In a video posted to social media, a raspberry farmer known online as 'Mama Viv' has spoken about how difficult it can be working with supermarkets who "control" what farmers do — down to how much chemicals they use on their produce.
In the video Mama Viv gave an example of a situation where produce would be rejected by the supermarket.
"This is just a scenario. We can supply 2000 boxes [of raspberries] into a supermarket, the supermarket does their own checks... the supermarket will find one insect... the tiniest insect on the planet. They will find one in one punnet and they will then reject the whole lot," she said.
"We [then] have to chemical spray even more so that one bug doesn't appear in a punnet [again]. If that happens... how is that better for the environment or you?"
Viv's daughter Jasmine shared the video onto her TikTok account, capturing how frustrating it is for her mum, who has been a farmer for 36 years, to keep up with the unrelenting standards of supermarkets.
Produce loses value within hours
Farmers often use agents who sell crops to supermarkets. The agents then get a percentage of the selling price as commission.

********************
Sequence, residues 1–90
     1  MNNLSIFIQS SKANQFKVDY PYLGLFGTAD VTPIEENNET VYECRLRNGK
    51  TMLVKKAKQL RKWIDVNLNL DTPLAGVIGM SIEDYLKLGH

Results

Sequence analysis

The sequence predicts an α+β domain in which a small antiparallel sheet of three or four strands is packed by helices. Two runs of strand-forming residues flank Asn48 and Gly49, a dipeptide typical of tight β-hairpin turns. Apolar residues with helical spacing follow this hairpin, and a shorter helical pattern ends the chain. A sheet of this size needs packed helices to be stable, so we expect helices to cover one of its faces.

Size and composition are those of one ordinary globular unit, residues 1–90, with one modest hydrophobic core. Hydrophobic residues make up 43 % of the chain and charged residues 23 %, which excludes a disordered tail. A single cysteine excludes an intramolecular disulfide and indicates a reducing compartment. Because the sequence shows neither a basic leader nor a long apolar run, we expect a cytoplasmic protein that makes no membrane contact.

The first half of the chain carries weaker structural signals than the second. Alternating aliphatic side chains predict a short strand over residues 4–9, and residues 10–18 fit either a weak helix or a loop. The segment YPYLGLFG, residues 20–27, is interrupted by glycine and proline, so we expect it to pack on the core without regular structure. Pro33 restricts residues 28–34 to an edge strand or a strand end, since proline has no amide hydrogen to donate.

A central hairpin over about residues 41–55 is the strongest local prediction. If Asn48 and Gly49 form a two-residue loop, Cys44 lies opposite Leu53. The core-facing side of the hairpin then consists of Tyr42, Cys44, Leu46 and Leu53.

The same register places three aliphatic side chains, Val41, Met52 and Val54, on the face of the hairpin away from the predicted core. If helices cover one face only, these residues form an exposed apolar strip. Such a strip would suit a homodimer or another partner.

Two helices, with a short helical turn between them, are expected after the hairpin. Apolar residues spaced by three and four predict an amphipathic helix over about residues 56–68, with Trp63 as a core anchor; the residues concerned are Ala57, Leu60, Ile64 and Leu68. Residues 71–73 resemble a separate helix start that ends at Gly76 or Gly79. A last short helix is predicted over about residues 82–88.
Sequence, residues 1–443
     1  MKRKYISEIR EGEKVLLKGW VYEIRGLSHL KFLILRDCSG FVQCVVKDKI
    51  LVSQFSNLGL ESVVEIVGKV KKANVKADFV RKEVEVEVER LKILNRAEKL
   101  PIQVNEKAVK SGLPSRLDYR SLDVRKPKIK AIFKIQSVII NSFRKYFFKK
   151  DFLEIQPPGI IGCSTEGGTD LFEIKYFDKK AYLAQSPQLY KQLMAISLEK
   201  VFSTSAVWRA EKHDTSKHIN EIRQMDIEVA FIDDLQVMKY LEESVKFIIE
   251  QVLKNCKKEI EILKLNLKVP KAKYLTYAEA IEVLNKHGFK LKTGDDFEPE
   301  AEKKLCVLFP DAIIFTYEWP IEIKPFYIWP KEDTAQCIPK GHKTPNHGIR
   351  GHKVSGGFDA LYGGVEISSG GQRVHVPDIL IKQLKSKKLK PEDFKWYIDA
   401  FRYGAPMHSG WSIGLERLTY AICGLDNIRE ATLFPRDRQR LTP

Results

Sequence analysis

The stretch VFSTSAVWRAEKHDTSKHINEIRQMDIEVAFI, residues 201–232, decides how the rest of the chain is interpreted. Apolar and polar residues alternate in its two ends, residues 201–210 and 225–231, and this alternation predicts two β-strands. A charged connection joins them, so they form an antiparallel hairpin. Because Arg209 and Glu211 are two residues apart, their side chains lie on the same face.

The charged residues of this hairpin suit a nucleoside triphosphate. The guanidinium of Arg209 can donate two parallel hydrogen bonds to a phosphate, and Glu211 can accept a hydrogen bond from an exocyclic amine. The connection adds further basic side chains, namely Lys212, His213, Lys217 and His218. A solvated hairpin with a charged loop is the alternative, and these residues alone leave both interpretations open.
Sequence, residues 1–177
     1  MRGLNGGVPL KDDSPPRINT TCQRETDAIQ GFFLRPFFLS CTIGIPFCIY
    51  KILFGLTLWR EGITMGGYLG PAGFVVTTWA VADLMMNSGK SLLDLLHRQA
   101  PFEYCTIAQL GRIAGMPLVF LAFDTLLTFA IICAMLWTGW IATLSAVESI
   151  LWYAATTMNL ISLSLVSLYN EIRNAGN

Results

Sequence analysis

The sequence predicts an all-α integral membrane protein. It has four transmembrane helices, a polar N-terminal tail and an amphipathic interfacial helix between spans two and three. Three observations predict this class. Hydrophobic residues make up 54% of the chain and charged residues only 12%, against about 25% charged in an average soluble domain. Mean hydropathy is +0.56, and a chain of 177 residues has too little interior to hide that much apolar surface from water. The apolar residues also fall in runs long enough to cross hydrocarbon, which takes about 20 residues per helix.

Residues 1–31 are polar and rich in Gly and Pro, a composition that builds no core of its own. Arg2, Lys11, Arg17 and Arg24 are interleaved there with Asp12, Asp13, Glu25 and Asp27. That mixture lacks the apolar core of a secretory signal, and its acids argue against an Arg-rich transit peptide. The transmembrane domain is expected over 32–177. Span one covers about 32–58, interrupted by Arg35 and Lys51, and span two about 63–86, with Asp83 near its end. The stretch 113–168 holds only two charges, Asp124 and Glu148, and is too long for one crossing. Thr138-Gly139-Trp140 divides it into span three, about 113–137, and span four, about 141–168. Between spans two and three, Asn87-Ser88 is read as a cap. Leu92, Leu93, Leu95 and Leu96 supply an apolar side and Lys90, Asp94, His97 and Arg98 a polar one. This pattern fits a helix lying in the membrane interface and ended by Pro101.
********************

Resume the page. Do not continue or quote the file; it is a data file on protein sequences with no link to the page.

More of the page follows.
After a crop has been rejected, it's returned to the agent who has to try sell to another buyer. The time it takes for this process to happen means the produce is less fresh and loses value.
"Because of one insect... Guess who suffers? We do, because the price falls per box." Viv said.
An insect is a sign of healthy produce
Finding a bug on a piece of fruit may not be what most consumers are looking for, but it's actually a sign that the produce is fresh.
"If a bug is living on a vegetable or a fruit it means it's actually healthy." Viv said in her video.
Hundreds of social media users agreed with Viv. One responded, "I'd prefer bugs than more chemicals!" and another said, "We are 100% with you."
Beauty standards for produce is an ongoing issue
Bugs aren't the only things making supermarkets reject crops, Farmers Pick co-founder Josh Ball told Yahoo News Australia in July, "Five to fifty per cent of any crop can get rejected because of the way it looks, either because of its size — it's too big or too small — or it has a blemish on it. The standards are primarily set on aesthetics."
Australia has a food waste problem
According to the Department of Climate Change, Energy, the Environment and Water (DCCEEW), food waste costs the Australian economy about $36.6 billion each year and the amount of land used to grow wasted food in Australia covers more area than the entire state of Victoria.
Places like the Inner West Council in Sydney are now asking locals to place their food scraps into green food organic and garden organic bins in an effort decrease food waste.
Businesses like Farmers Pick were started to buy rejected produce, and sell directly to consumers. So far Famers Pick have saved over 1.5 million kilograms of food from going to waste.